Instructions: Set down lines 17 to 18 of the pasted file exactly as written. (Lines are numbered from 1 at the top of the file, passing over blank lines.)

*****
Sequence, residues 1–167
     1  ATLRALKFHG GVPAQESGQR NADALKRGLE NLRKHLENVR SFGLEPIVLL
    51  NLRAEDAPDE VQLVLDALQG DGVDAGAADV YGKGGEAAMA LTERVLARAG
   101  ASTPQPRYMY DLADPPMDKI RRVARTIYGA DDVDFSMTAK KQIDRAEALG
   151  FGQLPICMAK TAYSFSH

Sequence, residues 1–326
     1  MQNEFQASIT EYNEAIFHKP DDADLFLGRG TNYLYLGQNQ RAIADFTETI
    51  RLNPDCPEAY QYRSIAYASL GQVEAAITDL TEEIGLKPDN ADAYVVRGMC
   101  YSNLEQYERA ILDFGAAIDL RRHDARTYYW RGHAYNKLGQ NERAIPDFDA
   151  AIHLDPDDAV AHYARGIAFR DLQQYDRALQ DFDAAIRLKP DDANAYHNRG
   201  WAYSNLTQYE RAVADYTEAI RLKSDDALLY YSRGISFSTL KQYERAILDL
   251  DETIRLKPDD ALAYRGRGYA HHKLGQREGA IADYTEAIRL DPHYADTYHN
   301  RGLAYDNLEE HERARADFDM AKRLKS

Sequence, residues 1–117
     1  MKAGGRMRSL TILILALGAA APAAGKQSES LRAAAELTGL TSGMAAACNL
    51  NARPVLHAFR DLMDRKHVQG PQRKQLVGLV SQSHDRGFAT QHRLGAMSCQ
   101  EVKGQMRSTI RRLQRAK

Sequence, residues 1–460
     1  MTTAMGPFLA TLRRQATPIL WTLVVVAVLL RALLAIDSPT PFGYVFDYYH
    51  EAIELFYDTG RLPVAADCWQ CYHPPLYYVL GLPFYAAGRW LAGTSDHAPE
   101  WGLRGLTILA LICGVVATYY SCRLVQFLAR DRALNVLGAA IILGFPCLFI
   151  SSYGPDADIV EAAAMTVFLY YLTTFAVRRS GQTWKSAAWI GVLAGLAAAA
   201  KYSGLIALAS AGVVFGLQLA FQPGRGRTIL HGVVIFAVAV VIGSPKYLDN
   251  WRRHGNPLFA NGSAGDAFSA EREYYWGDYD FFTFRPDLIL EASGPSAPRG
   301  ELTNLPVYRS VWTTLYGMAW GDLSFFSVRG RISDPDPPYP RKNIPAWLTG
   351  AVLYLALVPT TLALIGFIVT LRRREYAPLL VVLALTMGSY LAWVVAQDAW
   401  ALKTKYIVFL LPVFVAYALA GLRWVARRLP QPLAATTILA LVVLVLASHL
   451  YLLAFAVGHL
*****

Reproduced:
   101  EVKGQMRSTI RRLQRAK

Sequence, residues 1–460